Originally Posted by Mike_WI
Has any third party meaured jitter in various CE devices with a "Materials & Methods" section defined?
The closest thing to a somewhat widespread measurement is the Miller Audio Research test system. This was developed by Paul Miller, who is now editor of Hi-Fi News and Record Review (UK). He uses the system to measure the equipment they test.
John Atkinson of Stereophile also bought one of the MAR analyzers about ten years ago. So he also uses it. Therefore there is a fairly large database of equipment that has been tested with this system.
However, there are several problems with the system:
a) It uses a test signal developed by the late Julian Dunn called JTEST. It was specifically designed to stress the S/PDIF connection. Nonetheless, it has been used extensively to test many other kinds of digital devices, including those for which it is poorly suited.
b) The test results you get depend almost as much on the test equipment as on the device under test (DUT). The original MAR system used a 16-bit data acquisition card in a desktop computer. This gave relatively poor performance and was later replaced by a 24-bit acquisition card. This newer card gives better results but is still trying to make very low-level measurements whilst inside the noisiest possible environment -- a computer!!
Stereophile added an Audio Precision 2722 to their test arsenal a few years ago and the quality of the measurements improved so dramatically that JA decided to compile the first two years worth of new measurements in one place. It explains the test, how it works, what to look for, and then gives the results in order of performance, with the best at the end. The highest performance came from the Ayre C-5xe, which virtually looked like the computer-generated "ideal" graph at the beginning of the article. You can read it here:http://stereophile.com/features/1208jitter/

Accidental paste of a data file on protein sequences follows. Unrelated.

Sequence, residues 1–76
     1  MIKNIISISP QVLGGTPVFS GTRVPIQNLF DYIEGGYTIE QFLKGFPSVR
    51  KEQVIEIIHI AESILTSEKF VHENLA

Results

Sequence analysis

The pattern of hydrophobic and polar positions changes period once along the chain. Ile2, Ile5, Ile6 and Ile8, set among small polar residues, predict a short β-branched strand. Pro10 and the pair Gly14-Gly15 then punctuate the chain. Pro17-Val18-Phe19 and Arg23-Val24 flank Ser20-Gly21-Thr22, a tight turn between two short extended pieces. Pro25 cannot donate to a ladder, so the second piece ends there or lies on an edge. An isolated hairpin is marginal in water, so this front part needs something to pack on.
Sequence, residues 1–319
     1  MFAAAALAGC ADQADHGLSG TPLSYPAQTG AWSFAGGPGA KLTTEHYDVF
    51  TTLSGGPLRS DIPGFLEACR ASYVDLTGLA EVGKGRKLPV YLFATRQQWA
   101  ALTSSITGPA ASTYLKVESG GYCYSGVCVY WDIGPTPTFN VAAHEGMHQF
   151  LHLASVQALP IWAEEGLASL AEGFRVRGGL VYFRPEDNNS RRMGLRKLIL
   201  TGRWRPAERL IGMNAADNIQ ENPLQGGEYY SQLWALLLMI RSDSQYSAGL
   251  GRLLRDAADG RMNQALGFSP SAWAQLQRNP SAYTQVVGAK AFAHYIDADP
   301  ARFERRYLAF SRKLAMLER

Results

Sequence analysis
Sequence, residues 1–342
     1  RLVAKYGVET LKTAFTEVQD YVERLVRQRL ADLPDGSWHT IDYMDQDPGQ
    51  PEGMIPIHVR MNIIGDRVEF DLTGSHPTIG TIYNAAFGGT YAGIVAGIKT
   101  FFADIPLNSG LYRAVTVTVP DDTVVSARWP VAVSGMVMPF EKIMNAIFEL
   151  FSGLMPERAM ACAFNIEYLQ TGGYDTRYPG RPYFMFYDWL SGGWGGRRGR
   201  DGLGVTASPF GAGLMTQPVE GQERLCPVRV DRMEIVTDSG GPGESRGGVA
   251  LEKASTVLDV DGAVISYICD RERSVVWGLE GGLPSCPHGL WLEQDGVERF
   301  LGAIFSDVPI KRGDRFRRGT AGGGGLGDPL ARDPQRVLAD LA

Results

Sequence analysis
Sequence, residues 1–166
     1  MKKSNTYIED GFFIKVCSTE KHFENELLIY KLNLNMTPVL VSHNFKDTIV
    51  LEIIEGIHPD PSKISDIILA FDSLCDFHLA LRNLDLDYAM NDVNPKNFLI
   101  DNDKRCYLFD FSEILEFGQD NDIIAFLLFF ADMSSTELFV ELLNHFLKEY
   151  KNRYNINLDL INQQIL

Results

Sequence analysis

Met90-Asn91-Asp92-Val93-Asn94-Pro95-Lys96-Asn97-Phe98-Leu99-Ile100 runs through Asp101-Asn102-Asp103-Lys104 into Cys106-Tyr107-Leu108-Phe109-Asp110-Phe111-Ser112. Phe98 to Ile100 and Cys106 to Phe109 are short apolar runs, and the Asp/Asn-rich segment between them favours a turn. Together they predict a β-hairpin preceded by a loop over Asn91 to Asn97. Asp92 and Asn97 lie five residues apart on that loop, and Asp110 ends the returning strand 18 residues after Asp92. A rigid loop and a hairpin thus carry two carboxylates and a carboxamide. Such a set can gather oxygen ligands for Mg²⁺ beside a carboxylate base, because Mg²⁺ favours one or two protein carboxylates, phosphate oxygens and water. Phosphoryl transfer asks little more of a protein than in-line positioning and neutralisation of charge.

You can look at some of the Hi-Fi News test reports if you go to the MAR website and jump through some hoops (like registering):http://www.milleraudioresearch.com/avtech/index.html
c) There is a strong temptation to try and take the results of this test and spit out a single "jitter" number. The MAR test set does this in some secret algorithm. However, the algorithm used has changed over time and the resulting numbers cannot be compared unless made by the same person with the same equipment within a relatively short time span.
On top of that there is a measurement limit of 120 psec for 16-bit data, which really isn't very low. In theory, 24-bit data can be measured to sub-picosecond levels EXCEPT that the JTEST does not look at low-frequency jitter components at all!!! It turns out that the low-frequency jitter components are probably the ones that the ear is the most sensitive to.
So in practical terms, the Miller test as used by Stereophile and Hi-Fi News can tell you when something is horrible. But it can't tell you when something is operating properly versus operating superbly.